C H A P Operation of Partnerships and T E R 38 Related FormsIt is not the individual but the team that is the instrumentof sustained and enduring success in management.Anthony Jay, quoted in Management Teams – Why TheySucceed (R. Meredith Belbin, 1984) 38-1
Learning Objectives• List and explain duties partners owe to the partnership and each other• Explain why partnership agreements can resolve issues about partners’ management and compensation rights• Describe the liability of partners for torts and contracts 38-2
Duties of Partners to Partnership and Each Other• Revised Uniform Partnership Act (RUPA) states that partners owe to the partnership and each other the highest degree of loyalty and must act consistently with the obligation of good faith and fair dealing (a fiduciary relationship)• Same duty applies to all forms of partnership 38-3
General Duties• Partners have duties to serve, account for use or disposal of partnership funds, act within actual authority, avoid interests adverse to the partnership, disclose material information, and maintain the confidentiality of partnership information – Exception: “silent” partners do not serve – Partners may compete with the partnership only upon the consent of other partners 38-4
Example of Partnership Duties• Ann and Elkie own the Ann Elk Tavern as general partners. Ann wants to invest in her boyfriend Brock’s auto shop and neighbor Carol’s Bar N’ Grill. Ann could invest in Brock’s shop without competing with the Ann Elk Tavern partnership, but should not invest in Carol’s Bar N’ Grill without first getting Elkie’s consent – A tavern and a bar are too similar and may give rise to a breach of duty claim 38-5
Example of Partnership Duties• Monty is general manager of Python Inc. and Brian handles the company’s finances and accounting. Monty wants to help Arthur run his auto shop instead of working for Python Inc. While reviewing the books, Monty discovered Brian used company funds for a down payment on his car. Monty also found out that Brian hired two employees yesterday without consulting Monty. – What issues are raised by this scenario? 38-6
Duty of Care• Each partner owes a duty of care in doing partnership business• A partner isn’t liable to the partnership for honest errors in judgment (negligence), but is liable for losses resulting from gross negligence, reckless conduct, intentional misconduct, or a knowing violation of law 38-7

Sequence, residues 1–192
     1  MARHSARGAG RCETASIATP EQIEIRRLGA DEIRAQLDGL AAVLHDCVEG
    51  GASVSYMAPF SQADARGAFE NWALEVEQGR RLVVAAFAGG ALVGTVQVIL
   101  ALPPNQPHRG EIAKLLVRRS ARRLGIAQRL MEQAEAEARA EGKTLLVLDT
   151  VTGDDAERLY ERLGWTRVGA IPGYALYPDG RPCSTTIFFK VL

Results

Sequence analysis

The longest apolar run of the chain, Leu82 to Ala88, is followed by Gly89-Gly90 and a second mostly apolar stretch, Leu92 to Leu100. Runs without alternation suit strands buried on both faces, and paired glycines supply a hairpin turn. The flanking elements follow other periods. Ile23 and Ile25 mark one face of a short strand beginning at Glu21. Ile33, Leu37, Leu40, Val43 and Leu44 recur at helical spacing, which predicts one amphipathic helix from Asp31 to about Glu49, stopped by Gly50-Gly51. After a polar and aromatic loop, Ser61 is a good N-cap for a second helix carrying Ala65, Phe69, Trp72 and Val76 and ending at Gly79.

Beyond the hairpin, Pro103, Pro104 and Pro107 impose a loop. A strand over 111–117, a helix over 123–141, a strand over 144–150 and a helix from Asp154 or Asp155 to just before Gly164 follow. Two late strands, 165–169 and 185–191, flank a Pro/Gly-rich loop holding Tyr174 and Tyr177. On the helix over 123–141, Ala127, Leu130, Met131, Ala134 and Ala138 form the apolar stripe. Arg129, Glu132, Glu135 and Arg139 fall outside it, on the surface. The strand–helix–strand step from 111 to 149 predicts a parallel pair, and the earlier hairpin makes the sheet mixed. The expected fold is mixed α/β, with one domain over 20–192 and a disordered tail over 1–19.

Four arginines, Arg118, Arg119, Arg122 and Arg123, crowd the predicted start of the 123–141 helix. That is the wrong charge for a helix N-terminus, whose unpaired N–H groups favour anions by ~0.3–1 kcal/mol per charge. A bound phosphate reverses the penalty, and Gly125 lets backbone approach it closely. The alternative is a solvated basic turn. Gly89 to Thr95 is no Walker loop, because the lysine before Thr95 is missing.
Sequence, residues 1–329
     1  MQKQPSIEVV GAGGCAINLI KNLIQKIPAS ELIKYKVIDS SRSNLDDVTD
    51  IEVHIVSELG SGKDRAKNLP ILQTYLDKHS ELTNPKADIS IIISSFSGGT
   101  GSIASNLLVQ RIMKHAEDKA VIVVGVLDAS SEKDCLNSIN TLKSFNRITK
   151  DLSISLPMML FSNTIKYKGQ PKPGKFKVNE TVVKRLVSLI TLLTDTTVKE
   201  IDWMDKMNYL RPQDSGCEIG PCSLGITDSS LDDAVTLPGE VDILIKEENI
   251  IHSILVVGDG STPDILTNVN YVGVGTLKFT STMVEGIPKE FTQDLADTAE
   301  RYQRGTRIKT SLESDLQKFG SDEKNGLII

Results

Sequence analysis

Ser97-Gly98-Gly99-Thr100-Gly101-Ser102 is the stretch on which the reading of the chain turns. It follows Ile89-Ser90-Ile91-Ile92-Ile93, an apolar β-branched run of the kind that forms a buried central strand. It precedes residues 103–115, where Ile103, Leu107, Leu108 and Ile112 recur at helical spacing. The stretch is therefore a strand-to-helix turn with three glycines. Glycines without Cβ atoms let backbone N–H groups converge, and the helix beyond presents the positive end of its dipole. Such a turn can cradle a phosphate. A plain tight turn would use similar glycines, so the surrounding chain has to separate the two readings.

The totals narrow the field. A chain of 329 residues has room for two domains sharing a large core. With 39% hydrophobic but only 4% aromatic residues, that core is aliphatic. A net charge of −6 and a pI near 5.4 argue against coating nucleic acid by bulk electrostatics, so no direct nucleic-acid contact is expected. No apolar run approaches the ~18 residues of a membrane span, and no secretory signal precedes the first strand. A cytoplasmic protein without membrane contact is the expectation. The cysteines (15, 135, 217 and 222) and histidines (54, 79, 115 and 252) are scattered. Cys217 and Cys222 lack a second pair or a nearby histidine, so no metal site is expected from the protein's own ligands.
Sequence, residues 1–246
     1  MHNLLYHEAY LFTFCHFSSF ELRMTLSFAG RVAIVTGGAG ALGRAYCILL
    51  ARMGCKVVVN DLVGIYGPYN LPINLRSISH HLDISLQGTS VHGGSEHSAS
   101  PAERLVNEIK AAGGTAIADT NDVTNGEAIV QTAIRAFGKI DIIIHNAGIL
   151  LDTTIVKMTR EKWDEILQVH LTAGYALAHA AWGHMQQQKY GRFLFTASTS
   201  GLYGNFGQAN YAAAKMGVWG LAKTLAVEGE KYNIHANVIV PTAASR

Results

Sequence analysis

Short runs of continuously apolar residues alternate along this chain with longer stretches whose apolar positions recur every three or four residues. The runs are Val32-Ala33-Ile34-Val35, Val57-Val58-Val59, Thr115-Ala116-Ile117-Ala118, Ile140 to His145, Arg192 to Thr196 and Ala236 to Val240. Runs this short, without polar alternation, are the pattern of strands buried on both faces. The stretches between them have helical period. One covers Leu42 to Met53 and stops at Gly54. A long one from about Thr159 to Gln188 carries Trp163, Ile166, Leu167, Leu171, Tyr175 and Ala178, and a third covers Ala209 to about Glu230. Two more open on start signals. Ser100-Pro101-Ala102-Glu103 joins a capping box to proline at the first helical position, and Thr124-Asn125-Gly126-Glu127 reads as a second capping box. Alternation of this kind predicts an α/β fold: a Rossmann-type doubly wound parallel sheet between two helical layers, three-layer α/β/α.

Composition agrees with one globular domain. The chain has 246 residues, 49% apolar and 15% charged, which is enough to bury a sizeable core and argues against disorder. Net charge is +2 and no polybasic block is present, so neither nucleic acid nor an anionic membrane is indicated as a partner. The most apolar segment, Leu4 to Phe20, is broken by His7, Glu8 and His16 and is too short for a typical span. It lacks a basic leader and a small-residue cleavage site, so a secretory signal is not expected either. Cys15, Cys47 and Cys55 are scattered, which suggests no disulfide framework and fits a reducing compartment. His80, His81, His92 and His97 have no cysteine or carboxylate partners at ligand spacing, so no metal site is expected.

Duty of Care• A partner must make business decisions that s/he has a reasonable belief are in the best interests of the partnership• A partnership agreement may alter the duty of care, but may not eliminate duty 38-8
Spector v. Konover• Partners agreed to build shopping plazas under a particular entity – No written agreement – Managing partner Konover diverted partnership funds to other entities and commingled funds• Appellate court found Konover liable for breach of fiduciary duty by misusing partnership funds, self-dealing, and failing to disclose material information 38-9
Compensation of Partners• RUPA states that a partner is not entitled to salary or wages, even if disproportionate time spent conducting partnership business – A monthly draw is allowable• Instead, partner compensation is a share of business profits, offset by shared losses – Shared equally unless agreement to the contrary 38-10
Management Powers• Every partner in a partnership or LLP is a general manager of the business• Thus, by implied authority, a partner binds the partnership and partners for acts within the ordinary course of business• Agreement among partners may expand, restrict, or eliminate a partner’s implied authority 38-11
Management Powers• A partner’s implied authority may not contradict a partner’s express authority created by agreement of the partners• A partner’s express and implied authority together constitute actual authority 38-12
Restricting Implied Authority• When a partner’s implied authority is restricted or eliminated, the partnership risks the possibility that apparent authority to do a denied act will remain• Partners may give notice of a partner’s authority or limitation of authority by filing a Statement of Partnership Authority or Statement of Denial with the secretary of state or the real estate recording office 38-13
Power to Convey Real Property• An individual partner’s transfer of real property owned by a partnership will bind the partnership if expressly, impliedly, or apparently authorized, or ratified by the partnership• A partner has implied and apparent authority to sell real property if the partnership sells real property in the usual course of the partnership business 38-14